Posted on 22 September 2007 at 10:01 UTC, filed under Google, 3 comments.

So I went to visit Google in Mountain View …

… and learned that every second sentence has to be prefixed with “so”. Wait, that’s not all.

I’m sure you’re all just reading this to hear about the secret information they’ve been feeding me, heh. Sorry, you’ll have to join Google yourself to find out more about that part. It’s been really interesting so far, so many documents to read and digest, so many neat people to meet and chat with, so much good food to eat (good thing I’m only here for a week). The Google campus is really neat, but it’s also good to get out and do something else, like getting some neat toys for the kids (bribe my way back to getting them to recognize me when I’m home)…

Where are you in local search?

So I’m off to find a neat toy store that has more than the average plastic junk. Of course I’ll try to use Google local search to help me find one, I’m sure there are lots of really great stores around here…
Continue reading ‘Opportunities in Search’ »

Posted on 6 September 2007 at 21:55 UTC, filed under People, comment on this post.

Hi Richard, welcome to my blog! When I look through the top posters in the Google Webmaster Help groups, you’re almost always in there – it’s great to have you there and your posts bring in a lot of background knowledge that I’m sure many site owners appreciate. It’s interesting that you are – as far as I can tell – the only one of the top posters who is professionally active in the website-area.

Hi John. Thanks so much for asking me to participate – it’s a great honour to talk with you. Odd that you mention about my professional background. It has dawned on me that I might be the only professional SEO on the group (I wasn’t sure about this), and I’m slightly surprised that there isn’t more participation by other professionals. I’m quite sure that there are lurkers from the SEM industry, as the group is an excellent educational resource. More thoughts on this aspect a little later. Back to your questions now.

Why do you spend so much of your time in the Google Webmaster Help groups – isn’t that almost like giving away the work that you would normally charge for? What’s in it for you?

Funny, I’m a little embarrassed that I don’t get more time to contribute on the group. I’m not sure why that is, but I suppose I feel a small amount of ownership having posted as regularly as possible. I actually went to my profile recently to try and see how I first came across the group. I can’t say with 100% confidence how I found the group, but I was able to uncover what it was that sent me there. I was trying to find out whether Google would give .EU cTLD any special treatment in terms of country level searches. My first interaction with the group was with another ‘regular’, and that individual gave his time and knowledge freely. There’s something very endearing to actions which are without motive.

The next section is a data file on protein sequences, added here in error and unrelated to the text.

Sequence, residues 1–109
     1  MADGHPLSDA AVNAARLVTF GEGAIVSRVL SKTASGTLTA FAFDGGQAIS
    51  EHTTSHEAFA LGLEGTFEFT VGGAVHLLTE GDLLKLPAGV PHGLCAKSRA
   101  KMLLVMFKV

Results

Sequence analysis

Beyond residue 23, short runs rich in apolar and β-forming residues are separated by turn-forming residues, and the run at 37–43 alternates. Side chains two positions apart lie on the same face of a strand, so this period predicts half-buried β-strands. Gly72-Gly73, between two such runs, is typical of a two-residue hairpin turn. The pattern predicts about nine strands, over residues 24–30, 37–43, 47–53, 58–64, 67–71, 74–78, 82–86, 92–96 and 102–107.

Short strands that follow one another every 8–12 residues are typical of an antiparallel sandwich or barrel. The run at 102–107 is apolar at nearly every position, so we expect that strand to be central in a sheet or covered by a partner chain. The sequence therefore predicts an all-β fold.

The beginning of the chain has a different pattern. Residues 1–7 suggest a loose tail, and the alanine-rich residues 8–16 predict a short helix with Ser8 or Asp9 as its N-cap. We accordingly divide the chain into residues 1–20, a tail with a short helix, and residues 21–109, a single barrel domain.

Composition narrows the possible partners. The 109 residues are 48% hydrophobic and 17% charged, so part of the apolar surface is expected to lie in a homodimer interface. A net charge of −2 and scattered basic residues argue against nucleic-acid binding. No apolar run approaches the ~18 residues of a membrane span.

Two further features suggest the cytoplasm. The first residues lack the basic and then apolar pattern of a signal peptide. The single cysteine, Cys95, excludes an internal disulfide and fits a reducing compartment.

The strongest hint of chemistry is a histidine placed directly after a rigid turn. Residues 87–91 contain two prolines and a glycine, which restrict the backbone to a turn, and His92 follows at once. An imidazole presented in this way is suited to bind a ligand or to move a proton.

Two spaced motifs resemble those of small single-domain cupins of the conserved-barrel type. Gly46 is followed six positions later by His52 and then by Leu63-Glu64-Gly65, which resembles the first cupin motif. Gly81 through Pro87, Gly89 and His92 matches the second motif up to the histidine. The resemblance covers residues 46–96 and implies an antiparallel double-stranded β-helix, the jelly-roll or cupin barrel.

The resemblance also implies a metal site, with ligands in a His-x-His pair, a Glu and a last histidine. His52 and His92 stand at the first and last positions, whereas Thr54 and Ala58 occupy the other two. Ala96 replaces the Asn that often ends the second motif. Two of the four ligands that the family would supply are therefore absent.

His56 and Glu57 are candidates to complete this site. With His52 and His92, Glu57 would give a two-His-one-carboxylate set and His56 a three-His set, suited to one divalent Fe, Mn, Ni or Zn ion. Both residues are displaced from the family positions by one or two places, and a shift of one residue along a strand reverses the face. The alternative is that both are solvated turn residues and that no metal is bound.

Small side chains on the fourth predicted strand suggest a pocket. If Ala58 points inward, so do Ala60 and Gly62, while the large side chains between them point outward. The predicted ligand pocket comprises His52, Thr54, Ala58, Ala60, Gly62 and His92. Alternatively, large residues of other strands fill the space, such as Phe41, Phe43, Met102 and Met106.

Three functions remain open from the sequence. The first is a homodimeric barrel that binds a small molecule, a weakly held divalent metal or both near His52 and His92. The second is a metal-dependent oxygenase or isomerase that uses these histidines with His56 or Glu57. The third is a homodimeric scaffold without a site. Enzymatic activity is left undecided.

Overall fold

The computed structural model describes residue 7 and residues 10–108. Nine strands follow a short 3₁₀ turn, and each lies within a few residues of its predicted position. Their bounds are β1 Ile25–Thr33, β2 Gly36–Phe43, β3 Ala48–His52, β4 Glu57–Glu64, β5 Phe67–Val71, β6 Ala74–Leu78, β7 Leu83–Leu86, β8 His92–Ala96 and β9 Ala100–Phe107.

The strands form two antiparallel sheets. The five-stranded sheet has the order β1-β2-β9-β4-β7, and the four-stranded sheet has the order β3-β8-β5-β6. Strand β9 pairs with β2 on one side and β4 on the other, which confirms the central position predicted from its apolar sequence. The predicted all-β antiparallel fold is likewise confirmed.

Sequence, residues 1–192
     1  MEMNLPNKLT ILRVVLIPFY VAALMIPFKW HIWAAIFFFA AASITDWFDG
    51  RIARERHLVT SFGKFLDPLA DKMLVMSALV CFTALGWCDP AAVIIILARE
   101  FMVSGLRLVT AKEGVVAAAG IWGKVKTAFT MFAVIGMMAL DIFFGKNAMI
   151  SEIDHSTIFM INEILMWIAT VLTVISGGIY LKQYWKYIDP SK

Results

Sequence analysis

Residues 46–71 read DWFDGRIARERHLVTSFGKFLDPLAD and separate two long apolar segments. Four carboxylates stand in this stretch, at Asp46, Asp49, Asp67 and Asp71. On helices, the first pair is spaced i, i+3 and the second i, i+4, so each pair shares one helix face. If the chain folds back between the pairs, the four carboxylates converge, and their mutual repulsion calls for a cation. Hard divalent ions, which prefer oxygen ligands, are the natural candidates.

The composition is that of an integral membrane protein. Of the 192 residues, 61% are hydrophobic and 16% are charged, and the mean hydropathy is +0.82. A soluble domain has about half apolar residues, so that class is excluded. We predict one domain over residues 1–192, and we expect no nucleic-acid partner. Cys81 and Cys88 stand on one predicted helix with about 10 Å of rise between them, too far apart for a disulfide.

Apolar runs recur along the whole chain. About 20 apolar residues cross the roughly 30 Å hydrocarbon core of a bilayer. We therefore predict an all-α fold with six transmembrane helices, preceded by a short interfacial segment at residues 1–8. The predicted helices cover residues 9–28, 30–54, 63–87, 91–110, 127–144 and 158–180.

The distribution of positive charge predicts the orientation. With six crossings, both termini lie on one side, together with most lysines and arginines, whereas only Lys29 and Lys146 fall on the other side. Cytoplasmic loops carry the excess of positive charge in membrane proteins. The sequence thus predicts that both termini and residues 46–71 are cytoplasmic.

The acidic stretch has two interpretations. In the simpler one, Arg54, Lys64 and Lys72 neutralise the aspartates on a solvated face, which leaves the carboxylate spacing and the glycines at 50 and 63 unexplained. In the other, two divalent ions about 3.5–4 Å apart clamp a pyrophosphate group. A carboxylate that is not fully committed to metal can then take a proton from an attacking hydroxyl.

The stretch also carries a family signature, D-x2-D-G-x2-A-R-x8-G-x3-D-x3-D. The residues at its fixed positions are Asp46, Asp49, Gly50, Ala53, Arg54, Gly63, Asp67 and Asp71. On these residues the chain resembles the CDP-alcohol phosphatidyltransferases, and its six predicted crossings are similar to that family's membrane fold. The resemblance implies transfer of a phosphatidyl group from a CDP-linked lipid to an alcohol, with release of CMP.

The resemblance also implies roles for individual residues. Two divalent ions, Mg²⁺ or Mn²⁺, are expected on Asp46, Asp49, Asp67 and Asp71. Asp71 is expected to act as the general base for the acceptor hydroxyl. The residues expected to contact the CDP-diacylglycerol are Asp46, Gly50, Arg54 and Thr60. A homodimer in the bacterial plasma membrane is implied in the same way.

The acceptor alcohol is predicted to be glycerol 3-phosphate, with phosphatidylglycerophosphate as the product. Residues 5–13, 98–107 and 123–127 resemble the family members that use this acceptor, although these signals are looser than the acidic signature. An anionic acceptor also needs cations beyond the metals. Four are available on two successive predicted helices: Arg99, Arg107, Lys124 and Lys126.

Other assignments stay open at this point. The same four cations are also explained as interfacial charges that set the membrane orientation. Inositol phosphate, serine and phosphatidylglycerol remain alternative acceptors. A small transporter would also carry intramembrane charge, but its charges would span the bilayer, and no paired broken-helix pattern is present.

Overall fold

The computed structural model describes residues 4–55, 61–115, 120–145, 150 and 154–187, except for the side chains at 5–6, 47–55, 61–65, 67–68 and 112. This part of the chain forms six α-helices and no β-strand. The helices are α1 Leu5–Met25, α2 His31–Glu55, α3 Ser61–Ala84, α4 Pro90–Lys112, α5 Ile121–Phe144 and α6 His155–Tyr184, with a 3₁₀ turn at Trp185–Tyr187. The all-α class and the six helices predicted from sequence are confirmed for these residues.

Continue reading ‘Interview with Richard Hearne (“Red Cardinal”)’ »

Posted on 2 September 2007 at 22:55 UTC, filed under Google, 7 comments.

Another month goes by, here are the statistics for August (and some comparisons to July in brackets) 2007.

The numbers

  • Number of new threads = 1329 [+5.3%]
  • Number of new posts = 7676 [-1.0%]
  • Average number posts/new thread = 5.48 [-4.5%]
  • Number of posts by new users = 1061 (13.8%) [+30.0%]
  • Number of threads by new users = 813 (61.2%) [+13.4%]
  • Average number of posts in threads by new users = 4.9 [-2.0%]
  • Number of new threads started by Googlers = 4 [+33.3%]
  • Number of new posts by Googlers = 54 [-36.5%]

More posts by new users is nice to see – I hope that’s because the “feel” of the Groups has improved and not just because of strange things going on in the index :-) .
Continue reading ‘Google Webmaster Groups statistics for August 2007’ »

Posted on 30 August 2007 at 23:51 UTC, filed under Tricks, 12 comments.

If you have to do things over and over again, it’s a good idea to use a tool to make things easier. Windows is a bit limited (or very – when compared to Linux) when it comes to batch file scripts and “wget” is limited to what it can do right out the box, so I sat down and wrote a few command line tools to help me with some of the website checks that I like to do.

The tools I included in this set can do the following:

  • Check the result codes for a URL (and follow in the case of a redirect) – or for a list of URLs
  • Create a list of the links found on a URL (or just particular ones)
  • Create a list of the links and anchor texts found on a URL (or just particular ones)
  • Create a simple keyword analysis of the indexable content on a URL

Continue reading ‘A set of command-line Windows website tools’ »